Joaquina Kalukango

The Future of Media Entertainment Is Undeniably Black

Discover the dynamic impact of Black artists in entertainment, from Joaquina Kalukango's Broadway presence to Danielle Deadwyler's film innovation.


Feb. 9 2024, Published 8:34 p.m. ET

Hollywood’s award stages are being graced by fresh, gifted Black performers. From the triumphant musical reimagining of The Color Purple to the dystopian world of Antebellum—a smorgasbord of dynamic Black talent both on and off-screen is reenergizing entertainment.

There is of course always room for improvement, as Black leading actress Sanaa Lathan noted: "I think Hollywood has a ways to go. Certainly in the last couple of years with Think Like A Man and even recently with Straight Outta Compton doing well," she said. “But I think the language needs to change, the language about ‘Oh, this is an Urban film or this is a niche film.' No, these are Hollywood films. And it's to marginalize us because it's like some kind of a freak thing that we’ve made all this money off this movie. That’s a problem for me.”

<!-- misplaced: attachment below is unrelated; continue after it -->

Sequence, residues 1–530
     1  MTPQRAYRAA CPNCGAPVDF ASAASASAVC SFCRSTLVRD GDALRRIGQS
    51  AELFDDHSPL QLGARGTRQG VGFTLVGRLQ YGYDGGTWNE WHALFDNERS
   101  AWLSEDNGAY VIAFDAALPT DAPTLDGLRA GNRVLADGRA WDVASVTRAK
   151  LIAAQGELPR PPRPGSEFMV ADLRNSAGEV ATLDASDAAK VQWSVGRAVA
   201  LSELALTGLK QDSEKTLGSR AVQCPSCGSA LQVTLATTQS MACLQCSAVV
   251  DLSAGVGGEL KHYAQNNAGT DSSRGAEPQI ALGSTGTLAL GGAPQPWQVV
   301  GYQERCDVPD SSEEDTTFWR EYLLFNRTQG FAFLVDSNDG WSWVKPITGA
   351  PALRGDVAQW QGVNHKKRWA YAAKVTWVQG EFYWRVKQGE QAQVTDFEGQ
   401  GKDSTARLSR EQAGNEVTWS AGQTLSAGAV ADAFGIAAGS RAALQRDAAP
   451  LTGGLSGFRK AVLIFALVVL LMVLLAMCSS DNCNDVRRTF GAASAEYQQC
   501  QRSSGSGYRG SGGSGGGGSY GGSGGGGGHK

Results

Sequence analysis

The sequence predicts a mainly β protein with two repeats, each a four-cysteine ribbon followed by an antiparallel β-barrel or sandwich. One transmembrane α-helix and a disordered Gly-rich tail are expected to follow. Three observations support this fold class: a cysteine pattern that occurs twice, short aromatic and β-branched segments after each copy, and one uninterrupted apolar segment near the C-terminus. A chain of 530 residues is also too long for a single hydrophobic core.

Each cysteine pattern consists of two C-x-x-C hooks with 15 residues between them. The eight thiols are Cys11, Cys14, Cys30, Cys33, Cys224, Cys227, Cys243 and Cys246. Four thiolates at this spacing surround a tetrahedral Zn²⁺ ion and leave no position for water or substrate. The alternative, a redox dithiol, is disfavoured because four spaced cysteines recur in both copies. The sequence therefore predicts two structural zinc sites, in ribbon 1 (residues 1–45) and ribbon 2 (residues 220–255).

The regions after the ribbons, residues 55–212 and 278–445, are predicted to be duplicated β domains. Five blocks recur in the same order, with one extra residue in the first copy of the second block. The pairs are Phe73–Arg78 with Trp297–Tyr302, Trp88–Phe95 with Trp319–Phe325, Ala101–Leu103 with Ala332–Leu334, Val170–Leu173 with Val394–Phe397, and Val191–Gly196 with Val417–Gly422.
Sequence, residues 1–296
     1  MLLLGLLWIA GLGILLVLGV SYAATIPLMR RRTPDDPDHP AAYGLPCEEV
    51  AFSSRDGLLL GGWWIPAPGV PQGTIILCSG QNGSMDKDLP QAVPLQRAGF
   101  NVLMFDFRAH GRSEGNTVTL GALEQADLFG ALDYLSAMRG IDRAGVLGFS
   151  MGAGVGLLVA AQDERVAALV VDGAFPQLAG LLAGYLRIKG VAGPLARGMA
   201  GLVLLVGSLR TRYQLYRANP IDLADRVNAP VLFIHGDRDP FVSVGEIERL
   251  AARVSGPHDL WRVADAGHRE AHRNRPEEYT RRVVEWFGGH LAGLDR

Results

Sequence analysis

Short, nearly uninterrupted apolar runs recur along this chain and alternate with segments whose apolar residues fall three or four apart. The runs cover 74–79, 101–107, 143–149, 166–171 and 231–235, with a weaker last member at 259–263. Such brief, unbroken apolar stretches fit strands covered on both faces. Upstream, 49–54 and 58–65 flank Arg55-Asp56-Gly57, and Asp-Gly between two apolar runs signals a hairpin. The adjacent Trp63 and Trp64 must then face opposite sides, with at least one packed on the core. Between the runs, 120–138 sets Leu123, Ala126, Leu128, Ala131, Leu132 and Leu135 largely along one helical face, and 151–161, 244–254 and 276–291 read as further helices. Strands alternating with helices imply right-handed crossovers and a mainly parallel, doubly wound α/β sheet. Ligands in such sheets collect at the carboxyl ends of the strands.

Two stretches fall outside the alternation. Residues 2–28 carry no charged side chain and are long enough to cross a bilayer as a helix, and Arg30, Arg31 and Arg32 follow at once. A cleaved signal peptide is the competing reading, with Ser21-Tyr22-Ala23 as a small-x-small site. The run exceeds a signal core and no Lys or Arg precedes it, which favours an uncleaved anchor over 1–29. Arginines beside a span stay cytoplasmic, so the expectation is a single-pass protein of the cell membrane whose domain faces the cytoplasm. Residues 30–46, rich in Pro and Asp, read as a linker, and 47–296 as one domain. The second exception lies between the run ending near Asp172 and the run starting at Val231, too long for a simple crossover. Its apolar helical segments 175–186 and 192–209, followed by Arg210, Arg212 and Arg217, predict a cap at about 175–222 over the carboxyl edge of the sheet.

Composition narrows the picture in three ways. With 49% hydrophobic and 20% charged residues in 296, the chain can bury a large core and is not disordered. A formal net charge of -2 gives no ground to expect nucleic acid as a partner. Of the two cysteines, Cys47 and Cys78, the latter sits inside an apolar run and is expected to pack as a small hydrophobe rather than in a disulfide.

A resurgence of multitalented Black artists is poised to shape popular culture for decades. Trailblazers across music, television, and film are letting their unapologetic voices be heard–and rewriting the script along the way. Black influencers continue to shape and impact the world as we know it, paving the way for the next generation of young Black people to make their mark!

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Take The Stage and Screen